Analysis of current qualifications and feedback from stakeholders has informed some initial thinking about how the training product design concepts might work in practice. There is an opportunity for you to provide input too.
A short paper on a proposed approach to qualification design has just been produced and contains a set of overview diagrams and some explanatory notes. We summarise it here.
What’s being proposed
Regular VDC News readers will recall that we have been following the recent skills reform process for some time now. A paper released in May this year outlined trials in three key occupational areas: Mining, Health Services and Digital Skills and summarised the findings from a survey about qualification design conducted from December 2020 to February 2021. Its results suggested that “qualifications based on appropriately grouped occupation and skills clusters needed to be developed; that training products needed to be simplified to remove complexity and occupational and training standards needed to be separated to reduce the level of prescription in current qualifications, and make better use of industry and educationalist expertise. Finally, stand-alone and/or stackable short form training products, with improved pathways advice, were needed to support upskilling or reskilling, open up stronger articulation pathways and better support lifelong learning.
DESE has just launched a new survey on proposed qualifications reform which has a short accompanying paper containing a set of diagrams and explanatory notes. It outlines some conceptual thinking that’s been done so far to provide a basis for your survey responses. (You can access the survey here, and the survey is open until 10am Eastern Standard Time on Monday 20 September 2021.)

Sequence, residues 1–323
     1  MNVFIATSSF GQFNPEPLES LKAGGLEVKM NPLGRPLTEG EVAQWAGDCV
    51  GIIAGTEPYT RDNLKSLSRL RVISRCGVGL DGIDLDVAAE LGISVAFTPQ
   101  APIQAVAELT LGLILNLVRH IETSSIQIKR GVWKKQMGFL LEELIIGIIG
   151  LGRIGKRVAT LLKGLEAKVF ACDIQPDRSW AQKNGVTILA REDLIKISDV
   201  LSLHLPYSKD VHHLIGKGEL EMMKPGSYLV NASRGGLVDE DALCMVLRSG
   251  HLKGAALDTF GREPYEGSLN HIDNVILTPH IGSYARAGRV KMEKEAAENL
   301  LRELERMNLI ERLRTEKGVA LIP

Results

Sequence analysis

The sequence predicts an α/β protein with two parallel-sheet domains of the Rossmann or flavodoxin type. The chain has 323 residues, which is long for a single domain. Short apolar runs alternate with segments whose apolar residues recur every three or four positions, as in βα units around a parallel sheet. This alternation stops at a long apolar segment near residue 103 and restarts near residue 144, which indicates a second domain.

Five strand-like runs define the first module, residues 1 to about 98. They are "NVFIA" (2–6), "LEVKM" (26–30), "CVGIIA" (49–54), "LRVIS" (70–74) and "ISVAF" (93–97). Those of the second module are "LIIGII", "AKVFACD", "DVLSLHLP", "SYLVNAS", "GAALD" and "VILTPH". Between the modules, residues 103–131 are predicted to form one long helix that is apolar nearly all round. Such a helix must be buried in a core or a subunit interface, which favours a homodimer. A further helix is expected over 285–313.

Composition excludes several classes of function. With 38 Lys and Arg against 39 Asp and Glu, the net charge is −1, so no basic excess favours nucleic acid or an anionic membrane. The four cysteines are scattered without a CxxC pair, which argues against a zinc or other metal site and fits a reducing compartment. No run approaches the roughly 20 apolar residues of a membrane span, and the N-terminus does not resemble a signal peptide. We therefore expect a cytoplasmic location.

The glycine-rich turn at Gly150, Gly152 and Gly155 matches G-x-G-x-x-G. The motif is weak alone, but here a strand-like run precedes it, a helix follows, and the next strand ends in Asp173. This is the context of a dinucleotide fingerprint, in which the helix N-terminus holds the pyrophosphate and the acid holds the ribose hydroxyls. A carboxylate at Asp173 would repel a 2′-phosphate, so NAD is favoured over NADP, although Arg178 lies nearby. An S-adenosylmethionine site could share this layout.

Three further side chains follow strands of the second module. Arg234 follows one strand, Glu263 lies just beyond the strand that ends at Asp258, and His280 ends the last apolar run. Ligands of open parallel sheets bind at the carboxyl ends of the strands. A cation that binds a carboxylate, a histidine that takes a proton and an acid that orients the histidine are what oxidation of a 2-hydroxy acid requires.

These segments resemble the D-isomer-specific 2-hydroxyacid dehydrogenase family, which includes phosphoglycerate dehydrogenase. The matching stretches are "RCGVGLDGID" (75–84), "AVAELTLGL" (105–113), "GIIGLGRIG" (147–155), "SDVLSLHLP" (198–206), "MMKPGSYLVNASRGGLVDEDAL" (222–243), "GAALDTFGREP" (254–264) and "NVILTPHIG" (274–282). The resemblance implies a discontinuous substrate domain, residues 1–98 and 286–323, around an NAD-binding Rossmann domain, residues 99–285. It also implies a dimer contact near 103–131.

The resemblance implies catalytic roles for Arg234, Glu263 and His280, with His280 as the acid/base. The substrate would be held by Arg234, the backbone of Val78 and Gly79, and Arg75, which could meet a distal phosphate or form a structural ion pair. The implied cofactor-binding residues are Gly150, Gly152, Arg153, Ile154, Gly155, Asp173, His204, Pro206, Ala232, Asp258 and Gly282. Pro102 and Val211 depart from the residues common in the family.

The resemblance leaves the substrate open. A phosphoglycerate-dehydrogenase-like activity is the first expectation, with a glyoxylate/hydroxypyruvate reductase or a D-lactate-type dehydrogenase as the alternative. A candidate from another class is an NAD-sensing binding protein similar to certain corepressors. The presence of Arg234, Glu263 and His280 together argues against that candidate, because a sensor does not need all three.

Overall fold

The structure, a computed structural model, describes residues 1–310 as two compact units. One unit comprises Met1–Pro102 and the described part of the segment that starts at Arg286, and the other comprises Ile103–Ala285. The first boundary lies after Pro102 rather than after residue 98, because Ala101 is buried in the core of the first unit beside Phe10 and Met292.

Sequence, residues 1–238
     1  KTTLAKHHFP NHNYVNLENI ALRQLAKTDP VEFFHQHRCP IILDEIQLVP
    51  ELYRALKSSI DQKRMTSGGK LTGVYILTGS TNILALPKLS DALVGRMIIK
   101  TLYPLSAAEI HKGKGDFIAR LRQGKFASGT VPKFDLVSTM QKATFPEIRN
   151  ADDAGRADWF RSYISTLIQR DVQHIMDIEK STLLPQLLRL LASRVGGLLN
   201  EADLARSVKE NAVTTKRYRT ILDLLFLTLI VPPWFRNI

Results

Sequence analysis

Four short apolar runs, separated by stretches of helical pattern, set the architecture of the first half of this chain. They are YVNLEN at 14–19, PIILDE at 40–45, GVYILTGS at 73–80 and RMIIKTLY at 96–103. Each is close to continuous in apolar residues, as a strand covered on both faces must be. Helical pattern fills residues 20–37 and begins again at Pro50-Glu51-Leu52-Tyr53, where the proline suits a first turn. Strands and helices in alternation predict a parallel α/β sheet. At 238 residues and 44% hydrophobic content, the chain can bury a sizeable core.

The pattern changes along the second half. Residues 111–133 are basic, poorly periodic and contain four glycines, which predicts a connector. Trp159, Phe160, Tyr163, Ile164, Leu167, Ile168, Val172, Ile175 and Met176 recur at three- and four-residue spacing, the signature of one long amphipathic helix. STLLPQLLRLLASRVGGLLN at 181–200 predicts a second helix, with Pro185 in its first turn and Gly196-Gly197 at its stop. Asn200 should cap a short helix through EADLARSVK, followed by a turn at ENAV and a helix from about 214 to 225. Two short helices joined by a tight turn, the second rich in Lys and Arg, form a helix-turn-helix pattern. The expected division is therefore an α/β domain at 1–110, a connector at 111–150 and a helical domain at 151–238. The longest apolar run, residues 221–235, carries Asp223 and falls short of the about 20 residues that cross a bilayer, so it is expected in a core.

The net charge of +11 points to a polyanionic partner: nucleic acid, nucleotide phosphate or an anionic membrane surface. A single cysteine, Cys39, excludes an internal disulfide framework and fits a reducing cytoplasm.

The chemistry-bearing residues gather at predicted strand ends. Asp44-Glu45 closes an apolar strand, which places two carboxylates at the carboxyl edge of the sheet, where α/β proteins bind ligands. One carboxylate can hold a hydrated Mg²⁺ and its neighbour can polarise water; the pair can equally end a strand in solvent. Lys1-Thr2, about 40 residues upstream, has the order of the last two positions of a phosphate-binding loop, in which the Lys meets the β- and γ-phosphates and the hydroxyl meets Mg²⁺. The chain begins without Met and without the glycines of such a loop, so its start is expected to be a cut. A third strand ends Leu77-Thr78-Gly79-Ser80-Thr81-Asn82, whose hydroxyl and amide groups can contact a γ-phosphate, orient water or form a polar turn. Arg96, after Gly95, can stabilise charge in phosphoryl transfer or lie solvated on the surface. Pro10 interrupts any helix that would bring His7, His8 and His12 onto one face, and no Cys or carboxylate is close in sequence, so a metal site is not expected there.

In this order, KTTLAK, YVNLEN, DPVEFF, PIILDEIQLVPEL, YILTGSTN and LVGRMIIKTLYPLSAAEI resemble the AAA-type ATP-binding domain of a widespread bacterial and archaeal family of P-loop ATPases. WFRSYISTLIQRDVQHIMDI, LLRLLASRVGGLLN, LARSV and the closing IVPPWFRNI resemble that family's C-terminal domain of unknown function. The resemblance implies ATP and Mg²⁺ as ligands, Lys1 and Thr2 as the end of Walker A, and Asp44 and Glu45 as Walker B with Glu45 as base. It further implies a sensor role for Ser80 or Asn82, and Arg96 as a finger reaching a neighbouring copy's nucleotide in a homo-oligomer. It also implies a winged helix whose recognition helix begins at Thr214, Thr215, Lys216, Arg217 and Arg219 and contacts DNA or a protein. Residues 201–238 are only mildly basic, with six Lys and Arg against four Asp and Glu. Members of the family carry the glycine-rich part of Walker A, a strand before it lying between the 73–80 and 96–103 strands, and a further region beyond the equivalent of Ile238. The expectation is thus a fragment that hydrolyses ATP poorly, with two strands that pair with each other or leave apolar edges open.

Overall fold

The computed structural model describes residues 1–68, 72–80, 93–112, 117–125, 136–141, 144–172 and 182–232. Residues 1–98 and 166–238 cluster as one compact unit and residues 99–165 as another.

The paper talks of the need to reduce duplication and a cluttering of training products which make them hard to navigate, and both hard and costly to maintain. They suggested that there are over 1,200 qualifications and close to 16,000 units of competency. Also, “over 2,000 units of competency have more than 90% overlap with at least one other unit, and over 5,500 units have more than 70% overlap.” And a very significant number of qualifications have few or no enrolments.
The paper suggests some ‘new’ approaches to qualification design. These will be to identify how to streamline qualifications that have broader vocational outcomes and also use short training products to build new and specialised skills. The aim is to produce occupation standards, which:
“would be developed at the job-function level – describing what a person needs to be able to know and do to perform a job function in the workplace. They would be used to support holistic delivery and assessment that looks much like what people actually do in the workplace.”
This would help overcome the atomized approach we currently have using task-based Units of Competency.
Training standards would then be developed to:
“provide advice for training providers on how to design nationally consistent, high quality training and assessment – to prepare learners to perform job functions. They would be co-designed by educators (e.g. training course developers) and industry, enabling flexible and innovative training that meets employer and learner needs.”
The paper is not clear about where assessment might best sit: in the occupational or training standards, or separately. Finally, it’s suggested that there be certification standards. These “would reflect the combination of job functions (occupational standards) and provide a nationally recognised training outcome aligned to the AQF. They would have a range of other functions too.
PS: We’ve looked hard at Training Packages and qualifications a few times now
Those of you who have been in the system for some time will recall the first review of training packages published in 2004, entitled Moving on. It saw the need for fewer (and more meaningful) rules, some streamlining and simplifying, placing more faith in the professionalism of VET practitioners, being more open to disorderly but effective processes and not making so much use of regulatory and compliance mechanisms to ensure implementation.
A second one, VET training products for the 21st Century, was completed in mid-2009. It recommended, amongst other things, restructuring and streamlining their content, simplifying the endorsed components and reducing the level of specified detail, consolidating repetitive material and dividing packages into more fit-for-purpose components focused on the needs of industry and employers on the one hand and providers on the other. And there has been at least one more review since then. So, are we looking at ‘new’ practice or déjà vu? Let’s see what happens this time.